Sergio Romo put the first three hitters he faced on base and managed to wiggle out of the jam. An error, bunt single and a hit batsman loaded the bases, but Romo got out of it with back-to-back shallow flyouts and a groundout to sew up his 25th save.

At the plate
Of the Phillies’ seven hits, four of them came from the bottom half of the order. Hamels had the only RBI on a bloop single in the fifth, which is fitting considering how little run support the lefty has received this year.

Hamels leads the majors with 13 losses this year mostly because of a dearth of run support. Headed into Thursday’s game, Hamels received just 3.38 runs of support per game, a total that ranked him 84th among the 92 starting pitchers to qualify.

Up next
The homestand continues on Friday when the first-place Atlanta Braves come to town for three games. Ethan Martin will make his big-league debut for the Phillies in Friday night’s game against right-hander Kris Medlen (7-10, 3.74).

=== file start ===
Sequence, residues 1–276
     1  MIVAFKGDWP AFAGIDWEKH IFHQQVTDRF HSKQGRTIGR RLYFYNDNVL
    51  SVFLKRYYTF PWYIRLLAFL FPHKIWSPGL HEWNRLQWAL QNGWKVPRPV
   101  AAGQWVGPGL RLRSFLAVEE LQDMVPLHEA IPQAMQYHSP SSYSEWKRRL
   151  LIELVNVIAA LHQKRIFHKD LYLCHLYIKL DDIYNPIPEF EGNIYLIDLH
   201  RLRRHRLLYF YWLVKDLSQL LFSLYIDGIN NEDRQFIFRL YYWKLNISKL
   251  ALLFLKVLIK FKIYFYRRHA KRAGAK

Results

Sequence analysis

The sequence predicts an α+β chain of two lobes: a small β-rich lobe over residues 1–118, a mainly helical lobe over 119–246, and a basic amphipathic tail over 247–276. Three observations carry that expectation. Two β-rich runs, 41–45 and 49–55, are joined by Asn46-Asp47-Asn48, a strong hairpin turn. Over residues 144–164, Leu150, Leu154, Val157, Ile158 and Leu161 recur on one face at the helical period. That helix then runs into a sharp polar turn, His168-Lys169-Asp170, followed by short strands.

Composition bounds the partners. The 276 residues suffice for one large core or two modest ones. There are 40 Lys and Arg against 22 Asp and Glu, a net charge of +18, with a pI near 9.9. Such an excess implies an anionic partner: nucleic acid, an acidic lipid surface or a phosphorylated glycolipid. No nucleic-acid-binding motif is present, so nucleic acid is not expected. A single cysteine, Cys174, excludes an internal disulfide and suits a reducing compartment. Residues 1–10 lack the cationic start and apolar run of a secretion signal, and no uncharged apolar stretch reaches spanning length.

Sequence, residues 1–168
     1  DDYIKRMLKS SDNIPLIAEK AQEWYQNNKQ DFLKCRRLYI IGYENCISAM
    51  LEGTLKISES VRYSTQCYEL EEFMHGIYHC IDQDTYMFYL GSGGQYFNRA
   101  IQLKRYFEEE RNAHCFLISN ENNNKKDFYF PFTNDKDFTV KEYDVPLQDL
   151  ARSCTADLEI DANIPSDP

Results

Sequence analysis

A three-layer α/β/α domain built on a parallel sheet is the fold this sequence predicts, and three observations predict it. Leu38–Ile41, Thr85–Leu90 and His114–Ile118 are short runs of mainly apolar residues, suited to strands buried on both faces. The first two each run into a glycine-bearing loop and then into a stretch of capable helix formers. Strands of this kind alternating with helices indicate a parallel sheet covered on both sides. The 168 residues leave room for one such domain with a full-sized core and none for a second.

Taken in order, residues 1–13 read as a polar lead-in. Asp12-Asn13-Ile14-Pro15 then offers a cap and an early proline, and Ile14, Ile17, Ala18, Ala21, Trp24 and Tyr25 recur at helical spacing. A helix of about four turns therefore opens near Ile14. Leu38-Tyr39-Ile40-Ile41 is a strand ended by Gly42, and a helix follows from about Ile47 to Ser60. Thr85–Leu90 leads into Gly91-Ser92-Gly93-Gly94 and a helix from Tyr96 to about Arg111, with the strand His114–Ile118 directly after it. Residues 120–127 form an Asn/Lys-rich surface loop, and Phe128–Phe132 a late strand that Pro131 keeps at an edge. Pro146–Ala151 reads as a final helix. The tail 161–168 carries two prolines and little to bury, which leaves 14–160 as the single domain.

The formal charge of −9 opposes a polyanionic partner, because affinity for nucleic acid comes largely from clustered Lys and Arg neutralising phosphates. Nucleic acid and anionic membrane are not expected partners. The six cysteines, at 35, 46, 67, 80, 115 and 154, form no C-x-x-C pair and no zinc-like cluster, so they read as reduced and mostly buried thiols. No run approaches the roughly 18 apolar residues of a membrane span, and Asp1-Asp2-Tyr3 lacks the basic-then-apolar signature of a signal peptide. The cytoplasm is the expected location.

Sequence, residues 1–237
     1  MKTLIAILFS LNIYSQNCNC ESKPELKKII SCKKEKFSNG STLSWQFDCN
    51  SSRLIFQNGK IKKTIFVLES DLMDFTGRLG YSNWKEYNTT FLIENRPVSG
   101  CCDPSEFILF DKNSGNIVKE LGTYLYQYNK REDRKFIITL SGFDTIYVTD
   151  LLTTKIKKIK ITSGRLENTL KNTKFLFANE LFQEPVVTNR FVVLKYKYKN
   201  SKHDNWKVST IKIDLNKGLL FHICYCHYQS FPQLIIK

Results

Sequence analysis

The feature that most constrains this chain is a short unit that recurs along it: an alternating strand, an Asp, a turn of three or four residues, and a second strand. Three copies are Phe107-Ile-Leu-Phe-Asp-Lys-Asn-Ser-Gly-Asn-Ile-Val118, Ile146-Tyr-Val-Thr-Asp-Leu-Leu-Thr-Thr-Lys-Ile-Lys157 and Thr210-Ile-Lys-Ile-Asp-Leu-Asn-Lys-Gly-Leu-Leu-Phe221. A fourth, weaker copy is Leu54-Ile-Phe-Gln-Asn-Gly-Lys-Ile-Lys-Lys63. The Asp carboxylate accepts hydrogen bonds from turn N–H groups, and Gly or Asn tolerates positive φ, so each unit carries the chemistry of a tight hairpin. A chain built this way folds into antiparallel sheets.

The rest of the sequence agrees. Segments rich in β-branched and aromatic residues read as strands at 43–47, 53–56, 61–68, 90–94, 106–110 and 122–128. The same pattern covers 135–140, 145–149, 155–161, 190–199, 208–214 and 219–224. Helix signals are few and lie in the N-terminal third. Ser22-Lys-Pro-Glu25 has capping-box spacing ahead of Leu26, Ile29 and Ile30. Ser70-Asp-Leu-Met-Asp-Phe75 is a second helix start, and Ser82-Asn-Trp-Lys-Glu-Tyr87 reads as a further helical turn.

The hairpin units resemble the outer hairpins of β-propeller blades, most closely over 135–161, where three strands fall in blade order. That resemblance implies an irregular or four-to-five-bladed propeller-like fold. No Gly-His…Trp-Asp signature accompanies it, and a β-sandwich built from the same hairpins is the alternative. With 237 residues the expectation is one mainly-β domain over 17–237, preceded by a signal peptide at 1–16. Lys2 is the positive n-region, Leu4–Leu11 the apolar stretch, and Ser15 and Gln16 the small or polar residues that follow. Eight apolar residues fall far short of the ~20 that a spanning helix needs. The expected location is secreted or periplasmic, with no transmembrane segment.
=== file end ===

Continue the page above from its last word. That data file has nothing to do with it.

Acquired in the trade that sent Shane Victorino to the Dodgers at the deadline last year, Martin went 11-5 with a 4.12 ERA in 21 starts for Triple A Lehigh Valley. Martin had 107 strikeouts in 115 2/3 innings.

The Phillies have not determined the rest of the rotation for the weekend. Cliff Lee would have pitched on Friday, but the neck strain that kept him from starting last Saturday in Detroit appears to still be an issue.

The Braves will send Brandon Beachy (0-0, 17.18) to the mound on Saturday afternoon with lefty Alex Wood (1-2, 3.51) pitching on Sunday night.

MLB Notes: Aroldis Chapman rejoins Yankees on 5-year, $86 million deal

MLB Notes: Aroldis Chapman rejoins Yankees on 5-year, $86 million deal

OXON HILL, Md. -- Aroldis Chapman found a spot in a most familiar bullpen -- a very rich spot, too.

The hard-throwing closer reached agreement to return to the New York Yankees on Wednesday night with the highest-priced contract ever for a relief pitcher, an $86 million deal for five years.

A person familiar with the negotiations told The Associated Press that the contract was pending a physical. The person spoke on condition of anonymity because the deal was not yet complete.